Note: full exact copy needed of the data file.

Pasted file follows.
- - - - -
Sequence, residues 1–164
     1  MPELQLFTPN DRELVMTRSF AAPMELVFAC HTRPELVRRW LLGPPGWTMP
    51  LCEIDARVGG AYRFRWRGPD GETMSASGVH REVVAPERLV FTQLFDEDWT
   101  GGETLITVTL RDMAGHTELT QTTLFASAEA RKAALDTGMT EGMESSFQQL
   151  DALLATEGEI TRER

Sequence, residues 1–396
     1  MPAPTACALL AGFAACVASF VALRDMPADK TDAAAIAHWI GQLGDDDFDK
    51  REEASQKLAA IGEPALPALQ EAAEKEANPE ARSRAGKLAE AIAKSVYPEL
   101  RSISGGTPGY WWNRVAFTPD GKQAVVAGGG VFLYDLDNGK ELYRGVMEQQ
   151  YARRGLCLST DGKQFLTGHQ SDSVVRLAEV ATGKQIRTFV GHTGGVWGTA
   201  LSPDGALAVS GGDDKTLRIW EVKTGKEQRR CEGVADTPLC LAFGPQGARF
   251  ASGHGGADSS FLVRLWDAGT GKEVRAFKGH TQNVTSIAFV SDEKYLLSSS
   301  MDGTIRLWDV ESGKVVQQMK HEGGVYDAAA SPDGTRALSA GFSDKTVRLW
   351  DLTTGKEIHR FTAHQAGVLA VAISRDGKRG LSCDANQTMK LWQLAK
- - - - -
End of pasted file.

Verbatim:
Sequence, residues 1–164
     1  MPELQLFTPN DRELVMTRSF AAPMELVFAC HTRPELVRRW LLGPPGWTMP
    51  LCEIDARVGG AYRFRWRGPD GETMSASGVH REVVAPERLV FTQLFDEDWT
   101  GGETLITVTL RDMAGHTELT QTTLFASAEA RKAALDTGMT EGMESSFQQL
   151  DALLATEGEI TRER

Sequence, residues 1–396
     1  MPAPTACALL AGFAACVASF VALRDMPADK TDAAAIAHWI GQLGDDDFDK
    51  REEASQKLAA IGEPALPALQ EAAEKEANPE ARSRAGKLAE AIAKSVYPEL
   101  RSISGGTPGY WWNRVAFTPD GKQAVVAGGG VFLYDLDNGK ELYRGVMEQQ
   151  YARRGLCLST DGKQFLTGHQ SDSVVRLAEV ATGKQIRTFV GHTGGVWGTA
   201  LSPDGALAVS GGDDKTLRIW EVKTGKEQRR CEGVADTPLC LAFGPQGARF
   251  ASGHGGADSS FLVRLWDAGT GKEVRAFKGH TQNVTSIAFV SDEKYLLSSS
   301  MDGTIRLWDV ESGKVVQQMK HEGGVYDAAA SPDGTRALSA GFSDKTVRLW
   351  DLTTGKEIHR FTAHQAGVLA VAISRDGKRG LSCDANQTMK LWQLAK